The huge expanse of space provides a rich basis for theory development about relations between the Earth and the other bodies of the solar system and ultimately perhaps between these entities themselves. If social science theorizing is based on our images about the world surrounding us, how we imagine, or develop images about, the evolution of such relationships can only give new meaning to the word imagination as a basis for future IR theory. What is unique about space is the fact that we are dealing with infinity. Whereas the terrestrial land mass and the seas have knowable finite bounds, we literally do not know where space ends or understand the implications of infinity for how we theorize about space. In its space dimension, IR theory will evolve as emerging and future technologies permit the more extensive exploration, and perhaps even the colonization, of parts of the solar system and the exploitation of its natural resources, beginning with the Moon and ultimately extending beyond our solar system. As in the case of Earth-bound geopolitical theorizing, the significance of space will be determined by technologies that facilitate the movement of people, resources, and other capabilities. Those technologies may be developed as a result of our assumptions about the geopolitical or strategic significance of space extrapolated from IR theory and the requirements that are set forth in our space-power strategy.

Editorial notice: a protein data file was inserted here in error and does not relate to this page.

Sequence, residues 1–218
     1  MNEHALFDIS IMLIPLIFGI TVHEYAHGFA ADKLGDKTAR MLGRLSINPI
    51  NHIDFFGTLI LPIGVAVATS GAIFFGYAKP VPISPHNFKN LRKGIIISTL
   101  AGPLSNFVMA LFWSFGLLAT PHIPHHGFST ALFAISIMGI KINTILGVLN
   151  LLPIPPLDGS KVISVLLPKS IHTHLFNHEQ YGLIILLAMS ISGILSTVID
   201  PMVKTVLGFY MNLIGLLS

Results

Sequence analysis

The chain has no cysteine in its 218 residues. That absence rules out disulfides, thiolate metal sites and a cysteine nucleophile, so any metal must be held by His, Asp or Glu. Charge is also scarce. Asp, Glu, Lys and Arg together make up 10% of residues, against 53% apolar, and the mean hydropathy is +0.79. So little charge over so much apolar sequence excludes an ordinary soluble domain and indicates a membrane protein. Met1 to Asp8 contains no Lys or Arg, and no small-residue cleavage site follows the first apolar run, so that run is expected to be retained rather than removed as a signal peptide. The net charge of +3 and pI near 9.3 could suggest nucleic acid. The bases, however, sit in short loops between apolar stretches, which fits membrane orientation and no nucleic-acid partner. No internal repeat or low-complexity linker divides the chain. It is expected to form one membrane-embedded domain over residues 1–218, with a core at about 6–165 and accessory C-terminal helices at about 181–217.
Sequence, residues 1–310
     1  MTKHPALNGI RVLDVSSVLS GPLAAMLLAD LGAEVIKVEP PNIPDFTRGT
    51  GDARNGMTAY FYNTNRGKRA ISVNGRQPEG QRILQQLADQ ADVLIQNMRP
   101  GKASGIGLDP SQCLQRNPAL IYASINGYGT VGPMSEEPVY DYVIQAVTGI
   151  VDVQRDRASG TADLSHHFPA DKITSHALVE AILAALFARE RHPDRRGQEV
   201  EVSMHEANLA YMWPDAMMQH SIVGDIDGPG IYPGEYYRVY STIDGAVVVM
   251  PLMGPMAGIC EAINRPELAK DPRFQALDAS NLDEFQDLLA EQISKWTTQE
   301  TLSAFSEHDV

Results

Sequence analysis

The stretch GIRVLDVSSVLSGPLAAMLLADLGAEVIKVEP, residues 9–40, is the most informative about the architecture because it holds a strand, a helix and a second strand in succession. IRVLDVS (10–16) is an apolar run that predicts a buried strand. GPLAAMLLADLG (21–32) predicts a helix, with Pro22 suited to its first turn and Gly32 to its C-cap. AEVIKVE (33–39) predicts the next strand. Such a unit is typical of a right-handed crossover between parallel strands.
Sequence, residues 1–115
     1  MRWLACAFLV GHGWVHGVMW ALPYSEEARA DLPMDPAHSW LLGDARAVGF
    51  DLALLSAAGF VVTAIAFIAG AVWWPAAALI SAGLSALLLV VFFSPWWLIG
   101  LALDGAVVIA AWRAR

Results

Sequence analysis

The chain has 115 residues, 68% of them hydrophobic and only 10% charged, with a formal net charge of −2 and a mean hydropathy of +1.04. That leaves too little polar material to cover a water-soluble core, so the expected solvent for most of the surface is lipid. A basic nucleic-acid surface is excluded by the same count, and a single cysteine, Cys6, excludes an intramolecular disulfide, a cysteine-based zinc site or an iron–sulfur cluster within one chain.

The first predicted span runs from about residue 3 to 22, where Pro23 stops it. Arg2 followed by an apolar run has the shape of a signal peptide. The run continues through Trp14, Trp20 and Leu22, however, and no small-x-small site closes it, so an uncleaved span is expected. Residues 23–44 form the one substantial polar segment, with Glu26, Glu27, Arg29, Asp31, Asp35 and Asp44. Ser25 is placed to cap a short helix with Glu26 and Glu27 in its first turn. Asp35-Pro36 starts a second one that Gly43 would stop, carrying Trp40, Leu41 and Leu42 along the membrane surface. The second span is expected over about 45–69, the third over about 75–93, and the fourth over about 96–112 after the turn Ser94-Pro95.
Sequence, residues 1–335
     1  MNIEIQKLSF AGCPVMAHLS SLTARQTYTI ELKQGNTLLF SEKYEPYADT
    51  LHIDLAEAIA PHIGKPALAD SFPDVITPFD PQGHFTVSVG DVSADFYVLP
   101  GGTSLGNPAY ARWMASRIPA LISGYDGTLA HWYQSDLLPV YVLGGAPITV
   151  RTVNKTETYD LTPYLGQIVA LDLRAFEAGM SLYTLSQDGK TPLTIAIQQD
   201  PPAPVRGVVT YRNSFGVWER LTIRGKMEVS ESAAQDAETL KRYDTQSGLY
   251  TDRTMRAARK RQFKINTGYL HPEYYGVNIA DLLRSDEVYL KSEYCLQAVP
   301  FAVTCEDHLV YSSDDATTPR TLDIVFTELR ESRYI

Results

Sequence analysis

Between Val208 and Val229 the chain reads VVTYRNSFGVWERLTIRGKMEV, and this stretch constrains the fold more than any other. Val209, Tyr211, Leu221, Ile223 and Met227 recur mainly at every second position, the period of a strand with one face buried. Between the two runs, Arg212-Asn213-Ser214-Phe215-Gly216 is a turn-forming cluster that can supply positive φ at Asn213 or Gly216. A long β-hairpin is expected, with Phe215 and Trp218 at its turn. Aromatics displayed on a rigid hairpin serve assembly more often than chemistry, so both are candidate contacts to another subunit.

From IR theory we derive the notion, building on geography, that a new arena becomes first an adjunct to the security and well-being of the primary unit and, later, a setting to be controlled for its own sake. Airpower was first envisaged as a basis for enhancing ground operations but subsequently became an arena that had to be defended for its own sake because of the deployment of vulnerable assets such as heavy bombers. As technologies become more widely available, they are acquired by increasing numbers of actors. Such technologies proliferate from the core to the periphery, from the most advanced states to others. Space becomes first an environment for superpower competition, as during the Cold War, to be followed by larger numbers of states developing space programs. At least 35 countries now have space research programs that are designed to either augment existing space capabilities or lead to deployments in space. Others are likely to emerge in the decades ahead.